There are a number of records that a waste handler must prepare, submit, and keep at their facility to show compliance with the LDR requirements and to track wastes from generation to land disposal. Generators and treatment, storage and disposal facilities (TSDFs) that manage wastes subject to LDR must comply with notification, certification, waste analysis and recordkeeping requirements. The notification and recordkeeping requirements are found in 40 CFR section 268.7.
|Land Disposal Restrictions for Hazardous Waste: A Snapshot of the Program||This document provides a brief introduction on the LDR requirements and identifies sources of more information.|
|Land Disposal Restrictions: Summary of Requirements||This document provides a usable summary of the requirements of the LDR program. It is organized in a question-answer format to provide information about LDR regulations that may apply to generators of facilities that treat, store or dispose of hazardous waste. It is designed to clarify the requirements of the LDR program and to explain how the regulations work.|
This training module defines the basic terms and structure of the LDR regulations, the statutory basis, and the applicability, as well as the treatment standards, extensions and variances generator and TSDF requirements.
|Superfund LDR Guide #1 - Overview of RCRA Land Disposal Restrictions (PDF)(4 pp, 73.3 K, About PDF)||
This guide summarizes the major components of the land disposal restrictions (LDRs), outlines the types of restrictions imposed, and presents the compliance options specified in the regulation.
|Frequent Questions about LDR||
This website contains frequently asked questions on LDR.
|List of LDR Guidance Memoranda in RCRAOnline||
RCRA online has a special category for LDR questions that link to many policy statements, letters and memoranda addressing LDR issues.
|Land Disposal Restrictions Presentation Slides||These slides were used to provide a training on the key aspects of the LDR program. They include numerous examples of how the regulations work in the real world.|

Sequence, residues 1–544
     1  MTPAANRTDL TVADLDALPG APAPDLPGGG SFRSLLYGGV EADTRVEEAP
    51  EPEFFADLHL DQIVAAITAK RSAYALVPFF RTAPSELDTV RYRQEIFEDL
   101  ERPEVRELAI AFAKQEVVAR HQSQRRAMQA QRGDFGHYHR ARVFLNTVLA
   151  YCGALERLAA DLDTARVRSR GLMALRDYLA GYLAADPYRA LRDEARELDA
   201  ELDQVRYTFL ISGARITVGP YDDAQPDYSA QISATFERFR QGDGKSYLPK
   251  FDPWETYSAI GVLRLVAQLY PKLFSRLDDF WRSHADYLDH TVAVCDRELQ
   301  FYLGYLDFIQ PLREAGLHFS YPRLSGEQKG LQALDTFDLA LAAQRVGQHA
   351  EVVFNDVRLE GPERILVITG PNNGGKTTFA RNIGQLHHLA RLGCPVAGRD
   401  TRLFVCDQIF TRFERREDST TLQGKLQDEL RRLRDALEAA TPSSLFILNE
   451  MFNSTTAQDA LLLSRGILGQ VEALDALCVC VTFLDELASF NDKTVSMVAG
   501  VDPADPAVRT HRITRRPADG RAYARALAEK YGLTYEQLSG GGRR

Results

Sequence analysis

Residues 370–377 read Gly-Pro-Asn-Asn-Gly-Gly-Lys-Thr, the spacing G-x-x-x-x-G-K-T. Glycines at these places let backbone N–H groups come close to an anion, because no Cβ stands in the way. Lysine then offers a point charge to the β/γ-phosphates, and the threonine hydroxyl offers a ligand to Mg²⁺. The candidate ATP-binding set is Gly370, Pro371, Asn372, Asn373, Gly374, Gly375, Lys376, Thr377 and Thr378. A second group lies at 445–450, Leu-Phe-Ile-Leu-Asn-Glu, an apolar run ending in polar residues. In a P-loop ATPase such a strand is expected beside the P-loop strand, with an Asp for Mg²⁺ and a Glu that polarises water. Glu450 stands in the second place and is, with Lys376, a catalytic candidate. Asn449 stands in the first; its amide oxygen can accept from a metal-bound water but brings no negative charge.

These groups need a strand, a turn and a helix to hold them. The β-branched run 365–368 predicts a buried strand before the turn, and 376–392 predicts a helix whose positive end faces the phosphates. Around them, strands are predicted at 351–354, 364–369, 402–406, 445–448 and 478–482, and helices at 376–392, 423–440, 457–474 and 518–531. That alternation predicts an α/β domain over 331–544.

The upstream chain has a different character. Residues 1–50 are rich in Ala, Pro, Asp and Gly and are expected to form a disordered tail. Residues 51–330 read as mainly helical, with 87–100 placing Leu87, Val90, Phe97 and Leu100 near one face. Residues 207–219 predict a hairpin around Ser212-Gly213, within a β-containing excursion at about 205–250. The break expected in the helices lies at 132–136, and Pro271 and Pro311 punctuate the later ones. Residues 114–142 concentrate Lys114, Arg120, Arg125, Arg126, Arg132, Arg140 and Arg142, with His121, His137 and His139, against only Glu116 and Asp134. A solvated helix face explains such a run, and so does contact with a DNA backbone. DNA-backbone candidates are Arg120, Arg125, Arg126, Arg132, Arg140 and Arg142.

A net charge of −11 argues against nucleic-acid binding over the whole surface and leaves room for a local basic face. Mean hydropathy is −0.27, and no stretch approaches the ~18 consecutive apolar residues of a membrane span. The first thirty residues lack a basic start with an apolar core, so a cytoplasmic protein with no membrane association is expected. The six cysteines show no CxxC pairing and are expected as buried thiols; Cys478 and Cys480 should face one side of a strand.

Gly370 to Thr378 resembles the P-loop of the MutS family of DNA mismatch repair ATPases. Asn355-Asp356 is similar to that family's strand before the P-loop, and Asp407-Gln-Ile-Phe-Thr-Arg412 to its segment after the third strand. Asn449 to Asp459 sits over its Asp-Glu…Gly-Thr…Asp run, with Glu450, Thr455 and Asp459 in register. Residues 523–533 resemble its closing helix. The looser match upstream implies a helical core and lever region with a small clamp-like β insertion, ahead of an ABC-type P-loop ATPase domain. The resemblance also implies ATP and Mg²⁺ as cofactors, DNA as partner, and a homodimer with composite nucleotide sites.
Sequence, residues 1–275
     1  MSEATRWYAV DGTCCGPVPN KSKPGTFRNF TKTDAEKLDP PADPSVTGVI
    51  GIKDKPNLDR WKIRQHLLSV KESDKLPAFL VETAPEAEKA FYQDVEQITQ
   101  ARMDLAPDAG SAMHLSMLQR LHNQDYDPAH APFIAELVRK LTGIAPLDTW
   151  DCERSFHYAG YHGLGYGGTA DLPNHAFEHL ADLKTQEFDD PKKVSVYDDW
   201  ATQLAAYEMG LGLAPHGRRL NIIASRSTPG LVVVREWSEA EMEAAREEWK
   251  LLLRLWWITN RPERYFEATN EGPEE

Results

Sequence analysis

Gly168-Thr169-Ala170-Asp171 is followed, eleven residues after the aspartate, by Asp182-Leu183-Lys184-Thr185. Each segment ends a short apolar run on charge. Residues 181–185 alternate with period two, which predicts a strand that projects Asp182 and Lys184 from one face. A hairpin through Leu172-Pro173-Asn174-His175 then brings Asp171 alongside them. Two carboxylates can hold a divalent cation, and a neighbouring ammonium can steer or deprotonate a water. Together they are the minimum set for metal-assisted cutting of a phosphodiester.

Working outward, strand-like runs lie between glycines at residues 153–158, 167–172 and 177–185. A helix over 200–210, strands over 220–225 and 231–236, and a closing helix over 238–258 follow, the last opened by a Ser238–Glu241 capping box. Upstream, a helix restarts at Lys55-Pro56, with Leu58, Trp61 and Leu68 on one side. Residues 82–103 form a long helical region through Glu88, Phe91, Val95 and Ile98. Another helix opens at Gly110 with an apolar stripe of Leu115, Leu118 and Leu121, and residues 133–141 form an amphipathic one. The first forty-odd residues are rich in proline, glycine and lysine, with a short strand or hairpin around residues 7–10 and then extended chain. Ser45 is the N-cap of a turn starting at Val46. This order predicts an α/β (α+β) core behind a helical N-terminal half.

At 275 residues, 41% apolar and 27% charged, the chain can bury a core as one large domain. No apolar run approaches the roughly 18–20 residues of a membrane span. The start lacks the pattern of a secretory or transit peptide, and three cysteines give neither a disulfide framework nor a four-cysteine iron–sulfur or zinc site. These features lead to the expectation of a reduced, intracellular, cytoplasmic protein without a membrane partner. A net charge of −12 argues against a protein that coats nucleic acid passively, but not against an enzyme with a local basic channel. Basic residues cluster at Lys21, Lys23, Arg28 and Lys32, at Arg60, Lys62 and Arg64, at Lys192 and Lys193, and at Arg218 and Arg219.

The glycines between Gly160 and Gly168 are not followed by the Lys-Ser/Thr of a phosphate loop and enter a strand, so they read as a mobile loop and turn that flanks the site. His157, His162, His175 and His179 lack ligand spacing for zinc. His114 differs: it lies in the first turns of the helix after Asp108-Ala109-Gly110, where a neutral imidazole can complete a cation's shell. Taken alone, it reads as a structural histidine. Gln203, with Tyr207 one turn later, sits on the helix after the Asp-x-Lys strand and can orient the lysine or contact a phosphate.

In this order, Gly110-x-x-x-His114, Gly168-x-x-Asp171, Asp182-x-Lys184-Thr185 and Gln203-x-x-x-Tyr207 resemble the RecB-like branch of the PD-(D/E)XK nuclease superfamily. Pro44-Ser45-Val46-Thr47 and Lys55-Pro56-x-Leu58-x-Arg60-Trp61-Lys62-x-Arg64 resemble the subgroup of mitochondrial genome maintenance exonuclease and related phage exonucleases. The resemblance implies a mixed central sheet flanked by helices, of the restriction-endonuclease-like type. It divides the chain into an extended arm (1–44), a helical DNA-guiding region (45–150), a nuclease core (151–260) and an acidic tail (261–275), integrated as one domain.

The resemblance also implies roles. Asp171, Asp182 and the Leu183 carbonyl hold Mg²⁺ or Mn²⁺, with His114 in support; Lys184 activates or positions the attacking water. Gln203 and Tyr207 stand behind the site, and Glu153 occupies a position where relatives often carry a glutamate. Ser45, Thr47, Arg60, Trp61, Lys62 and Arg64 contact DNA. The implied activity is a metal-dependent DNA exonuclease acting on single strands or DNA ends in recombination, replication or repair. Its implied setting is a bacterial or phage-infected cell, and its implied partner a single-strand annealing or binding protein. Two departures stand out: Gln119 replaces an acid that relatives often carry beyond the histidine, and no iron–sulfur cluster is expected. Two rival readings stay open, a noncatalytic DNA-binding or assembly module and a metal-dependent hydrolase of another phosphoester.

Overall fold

|Memorandum about Land Disposal Restrictions from Barnes Johnson to the EPA Regions on April 11, 2014 (PDF)(2 pp, 425 K, About PDF)||This memorandum explains that prohibited wastes (wastes that do not meet the applicable treatment standard) cannot be placed in or on land disposal units unless the unit satisfies the statutory no-migration standards. Thus, if a prohibited waste is placed in or on a land disposal unit before it is confirmed that the waste meets the treatment standard, and it turns out that the waste did not meet the standard, then the disposal is illegal unless the disposal unit is an approved no migration unit.|
|Memorandum Clarifying the Effective Dates of the Land Disposal Restrictions Phase IV Final Rule from Elizabeth A. Cotsworth to the EPA Regions on October 19, 1998 (PDF)(17 pp, 82.4 K, About PDF)||This memorandum explains when each provision of the rule becomes effective, depending upon which part of the governing statute it implements, whether the new provision is more or less stringent than an existing one, and the status of each state's process of becoming authorized to implement hazardous waste regulations.|
|RCRA Policy Statement Clarifying the Land Disposal Restrictions' Dilution Prohibition and Combustion of Inorganic Metal-Bearing Hazardous Wastes from Elliott P. Laws to the EPA Regions dated May 23, 1994||This memorandum sets out a statement of policy under the RCRA clarifying the application of the LDR prohibition on dilution (see 40 CFR 268.3) to combustion of certain inorganic metal-bearing hazardous wastes. Because combustion normally does not represent effective treatment of these wastes, such burning can be considered impermissible dilution. In such cases, these hazardous metal-bearing wastes cannot be combusted legally. The application of this policy will vary depending on particular circumstances.|